Two truths are told
As happy prologues to the swelling act
Of th’imperial theme (1.3)

Macbeth speaks these lines as he realizes that the witches’ prophecy (that he will be Thane of Cawdor) has come true. He immediately starts to wonder whether this means that their third prophecy (that he will become king) will also be true. The eagerness with which he turns to this idea suggests that he finds the possibility appealing, even though he also realizes he would have to commit a terrible and violent act in order to achieve the position. These lines hint at Macbeth’s ambition and foreshadow his later actions even though, at this point in the play, he seems to refuse to consider acting upon it.

Thou wouldst be great
Art not without ambition, but without
The illness should attend it (1.5)

Lady Macbeth speaks these lines as she reflects on her husband’s character. She knows that Macbeth is capable of ambitious dreams, but she thinks that he is unwilling to display the ruthless behavior necessary to achieve those dreams. These lines reflect Lady Macbeth’s own philosophy of power, in which only individuals who are willing to set their morality aside will rise to greatness. They also show that she is a sound judge of character, and understands her husband very well.

I have no spur
To prick the sides of my intent, but only
Vaulting ambition, which o’erleaps itself
And falls on th’other (1.7)

Macbeth speaks these lines as he starts to doubt his plan to murder Duncan. He uses a complicated metaphor that compares his experience to horse-riding. He describes being unable to motivate himself to take action by likening himself to a rider who cannot use his spurs to motivate his horse to go faster. The one thing he does have is ambition, which he compares to a horse and rider who overestimate their ability to leap over an obstacle, and end up falling down. The passage describes the tension between Macbeth’s unwillingness to move ahead with his plan, and his acknowledgement that his ambition is leading him down a dangerous path.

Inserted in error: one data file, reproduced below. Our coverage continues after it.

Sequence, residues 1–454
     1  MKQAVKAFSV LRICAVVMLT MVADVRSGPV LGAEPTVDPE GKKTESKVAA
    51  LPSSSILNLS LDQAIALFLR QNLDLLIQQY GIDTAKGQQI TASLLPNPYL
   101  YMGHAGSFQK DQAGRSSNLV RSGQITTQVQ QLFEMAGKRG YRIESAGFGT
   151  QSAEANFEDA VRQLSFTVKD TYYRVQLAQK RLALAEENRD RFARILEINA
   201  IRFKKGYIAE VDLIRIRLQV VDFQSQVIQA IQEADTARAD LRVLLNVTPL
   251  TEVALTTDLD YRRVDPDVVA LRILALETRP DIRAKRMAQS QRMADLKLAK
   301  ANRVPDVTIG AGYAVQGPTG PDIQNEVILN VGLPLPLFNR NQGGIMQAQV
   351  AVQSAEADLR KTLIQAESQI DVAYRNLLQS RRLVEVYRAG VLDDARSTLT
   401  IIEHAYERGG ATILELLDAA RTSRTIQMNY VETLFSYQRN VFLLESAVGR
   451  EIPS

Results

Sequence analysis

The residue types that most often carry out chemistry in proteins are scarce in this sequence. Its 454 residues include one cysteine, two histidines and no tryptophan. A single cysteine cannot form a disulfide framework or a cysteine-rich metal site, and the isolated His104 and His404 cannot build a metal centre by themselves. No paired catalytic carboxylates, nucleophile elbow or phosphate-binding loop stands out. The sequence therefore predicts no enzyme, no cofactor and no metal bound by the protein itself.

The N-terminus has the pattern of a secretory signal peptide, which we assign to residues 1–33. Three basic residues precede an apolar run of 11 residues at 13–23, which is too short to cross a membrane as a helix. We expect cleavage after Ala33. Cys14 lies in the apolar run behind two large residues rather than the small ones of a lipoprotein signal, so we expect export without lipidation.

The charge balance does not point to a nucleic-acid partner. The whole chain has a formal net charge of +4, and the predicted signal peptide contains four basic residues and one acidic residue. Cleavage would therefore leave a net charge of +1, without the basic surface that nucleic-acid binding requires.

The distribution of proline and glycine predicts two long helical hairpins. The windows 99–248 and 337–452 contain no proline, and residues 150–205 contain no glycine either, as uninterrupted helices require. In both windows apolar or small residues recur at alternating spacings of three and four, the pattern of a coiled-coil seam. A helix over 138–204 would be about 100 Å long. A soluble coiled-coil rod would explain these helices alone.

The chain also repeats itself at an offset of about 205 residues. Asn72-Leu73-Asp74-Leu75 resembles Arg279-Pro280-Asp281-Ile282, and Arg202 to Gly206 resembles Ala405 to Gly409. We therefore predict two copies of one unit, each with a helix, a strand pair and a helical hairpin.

To be thus is nothing, but to be safely thus (3.1)

Macbeth speaks this line after he has become king, but continues to feel restless and insecure. He is afraid that he might lose his position and is also frustrated by the fact that he has no heir. Without the knowledge that his lineage will continue after him, Macbeth finds it meaningless to be king. This quote reveals how him giving in to his ambition and murdering Duncan has not brought him peace, but rather has just left him more paranoid and anxious. The line also reveals how Macbeth’s first violent action sets off a chain reaction of him continuing to commit violent actions in order to maintain his hold on the power he has gained.